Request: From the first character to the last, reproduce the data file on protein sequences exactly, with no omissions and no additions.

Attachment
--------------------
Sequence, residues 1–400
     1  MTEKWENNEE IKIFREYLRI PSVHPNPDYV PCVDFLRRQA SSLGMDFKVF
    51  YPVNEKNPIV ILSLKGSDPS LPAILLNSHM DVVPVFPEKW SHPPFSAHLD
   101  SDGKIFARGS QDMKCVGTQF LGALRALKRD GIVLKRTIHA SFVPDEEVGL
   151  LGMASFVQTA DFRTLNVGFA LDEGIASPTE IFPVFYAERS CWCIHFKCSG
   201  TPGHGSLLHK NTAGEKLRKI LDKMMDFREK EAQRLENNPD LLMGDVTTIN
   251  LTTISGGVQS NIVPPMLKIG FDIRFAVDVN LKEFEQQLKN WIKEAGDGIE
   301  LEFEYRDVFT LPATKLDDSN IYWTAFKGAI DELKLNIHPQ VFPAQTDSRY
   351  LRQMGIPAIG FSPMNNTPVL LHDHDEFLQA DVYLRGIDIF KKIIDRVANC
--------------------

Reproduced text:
Sequence, residues 1–400
     1  MTEKWENNEE IKIFREYLRI PSVHPNPDYV PCVDFLRRQA SSLGMDFKVF
    51  YPVNEKNPIV ILSLKGSDPS LPAILLNSHM DVVPVFPEKW SHPPFSAHLD
   101  SDGKIFARGS QDMKCVGTQF LGALRALKRD GIVLKRTIHA SFVPDEEVGL
   151  LGMASFVQTA DFRTLNVGFA LDEGIASPTE IFPVFYAERS CWCIHFKCSG
   201  TPGHGSLLHK NTAGEKLRKI LDKMMDFREK EAQRLENNPD LLMGDVTTIN
   251  LTTISGGVQS NIVPPMLKIG FDIRFAVDVN LKEFEQQLKN WIKEAGDGIE
   301  LEFEYRDVFT LPATKLDDSN IYWTAFKGAI DELKLNIHPQ VFPAQTDSRY
   351  LRQMGIPAIG FSPMNNTPVL LHDHDEFLQA DVYLRGIDIF KKIIDRVANC